Adulting Is Hard But Not With Your Fitness Plan (Part 2)

Envisioning what we want and turning up to do the work required are only part of the equation in achieving anything of true value in our lives. From raising a family, pursuing a career, accomplishing a marathon or doing 10 stick pull-ups. It is ‘Belief’ and an ‘unwavering emotional commitment’ to the outcome that are, in my view, the most critical pieces of the success puzzle.
In Part 1 of this post I  discussed the ways in which fear and our inability to own the discomfort born of this fear causes us to behave in often detrimental ways to ourselves and others. We justify and blame as a way of easing our pain.
In part 2,  I would like to explore the Anatomy of Beliefs and how Labels of ourselves and others, when carried without awareness, can greatly distort the world we witness and experience. Lets also consider how we pursue excellence (if at all). Do we pursue excellence with a sense of joy and freedom or operate from a perfectionistic modality with a sense of anxiety and dread?
The Anatomy Of Belief Born From Labels

Race, Class, IQ are all common label topics and something we are ALL guilty of adhering to, negatively or positively, it does not matter. The fact is we all do it. What I want to highlight is that once we bring awareness to the bigger ‘judgments’ we make about our environment and those that occupy it relative to ourselves, we can then begin to bring awareness to the internal chatter we direct to ourselves and which may often spill out to others. So to the labels we hold for ourselves, most often picked up in childhood from siblings, parents, teachers and peers. We carry these into adulthood sometimes to great effect and sometimes to devastating effect.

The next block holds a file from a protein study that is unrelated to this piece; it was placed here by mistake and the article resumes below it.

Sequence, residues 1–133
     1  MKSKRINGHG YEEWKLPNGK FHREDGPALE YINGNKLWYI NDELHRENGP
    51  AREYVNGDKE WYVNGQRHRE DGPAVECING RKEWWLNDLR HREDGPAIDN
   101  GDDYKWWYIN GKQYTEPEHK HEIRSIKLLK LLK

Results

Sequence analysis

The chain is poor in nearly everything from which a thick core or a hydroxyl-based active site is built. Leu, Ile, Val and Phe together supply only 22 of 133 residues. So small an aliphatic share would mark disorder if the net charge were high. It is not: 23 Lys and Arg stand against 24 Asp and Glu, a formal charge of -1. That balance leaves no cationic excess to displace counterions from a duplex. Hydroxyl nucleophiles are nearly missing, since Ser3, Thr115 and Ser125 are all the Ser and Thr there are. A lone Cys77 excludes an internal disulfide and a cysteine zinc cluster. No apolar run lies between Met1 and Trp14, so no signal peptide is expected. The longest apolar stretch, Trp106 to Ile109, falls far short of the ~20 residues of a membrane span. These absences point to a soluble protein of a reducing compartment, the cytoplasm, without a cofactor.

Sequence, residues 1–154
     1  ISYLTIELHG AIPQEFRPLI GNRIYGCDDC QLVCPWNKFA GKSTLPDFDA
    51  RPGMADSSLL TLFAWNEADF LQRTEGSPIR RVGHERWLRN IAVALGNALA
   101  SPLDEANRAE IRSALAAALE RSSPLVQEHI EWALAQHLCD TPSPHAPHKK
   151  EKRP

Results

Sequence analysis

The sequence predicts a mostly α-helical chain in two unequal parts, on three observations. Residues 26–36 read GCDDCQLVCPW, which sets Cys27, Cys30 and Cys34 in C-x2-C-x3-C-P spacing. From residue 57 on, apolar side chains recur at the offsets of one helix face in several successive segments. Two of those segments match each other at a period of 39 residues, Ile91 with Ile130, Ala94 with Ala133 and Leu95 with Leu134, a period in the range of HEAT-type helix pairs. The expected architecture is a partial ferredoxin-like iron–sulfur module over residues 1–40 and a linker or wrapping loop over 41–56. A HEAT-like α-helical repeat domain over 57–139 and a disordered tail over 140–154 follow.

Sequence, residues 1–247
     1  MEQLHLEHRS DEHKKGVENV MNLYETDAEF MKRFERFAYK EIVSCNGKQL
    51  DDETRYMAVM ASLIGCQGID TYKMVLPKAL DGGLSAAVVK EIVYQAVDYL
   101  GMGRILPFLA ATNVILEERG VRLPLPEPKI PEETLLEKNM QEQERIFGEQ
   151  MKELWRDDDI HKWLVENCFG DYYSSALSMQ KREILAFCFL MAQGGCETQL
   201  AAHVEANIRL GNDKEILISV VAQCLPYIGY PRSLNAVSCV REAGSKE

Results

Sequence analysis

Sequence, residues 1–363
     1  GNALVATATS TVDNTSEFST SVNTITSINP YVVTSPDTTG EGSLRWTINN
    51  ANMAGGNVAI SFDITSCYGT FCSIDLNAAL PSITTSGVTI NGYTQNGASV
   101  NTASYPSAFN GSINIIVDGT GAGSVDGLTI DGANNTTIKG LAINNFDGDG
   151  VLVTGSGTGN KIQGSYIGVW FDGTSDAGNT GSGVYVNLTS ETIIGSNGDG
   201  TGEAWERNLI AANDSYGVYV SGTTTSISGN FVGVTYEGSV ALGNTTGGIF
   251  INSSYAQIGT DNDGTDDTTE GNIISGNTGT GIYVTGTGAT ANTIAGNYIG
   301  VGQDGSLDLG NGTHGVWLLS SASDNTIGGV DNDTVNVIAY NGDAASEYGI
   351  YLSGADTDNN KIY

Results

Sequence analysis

In a 2010 Article in Psychology Today Adam Alter explained, “Researchers began to study the cognitive effects of labeling in the 1930s, when linguist Benjamin Whorf proposed the linguistic relativity hypothesis. According to his hypothesis, the words we use to describe what we see aren’t just idle placeholders–they actually determine what we see… Labels shape more than our perception of color; they also change how we perceive more complex targets, like people.”

Do you ever pre-empt your own ‘labels’?  Ever witnessed a person ‘explain’ the pigeon hole their belief locks them in? “I’m very open/stubborn/determined/down to earth”.

Are the labels you were given as a child and likely repeating as your own ‘belief of self’ into adulthood, damaging your chances of progressing in your life?

Labels and the belief that cements them in place are inextricably linked. I have seen body transformation success of epic proportions and transformations of moderate proportions. The training, nutrition and support were  identical. The key difference? The individuals belief around their worthiness, ability and subsequent actions committing to the work required.

Figure Genie Files-Beliefs & Success

We always prove ourselves right no matter what.

Michael J Formica MS, MA, EdM explains “As we filter our experience through these assumptions, expectations and ideas, we create belief systems – our Core Beliefs. Core Beliefs lead us to develop Active Beliefs – how we operate in the world – that consequently drive the Outcomes that recursively support and sustain our Core Truths.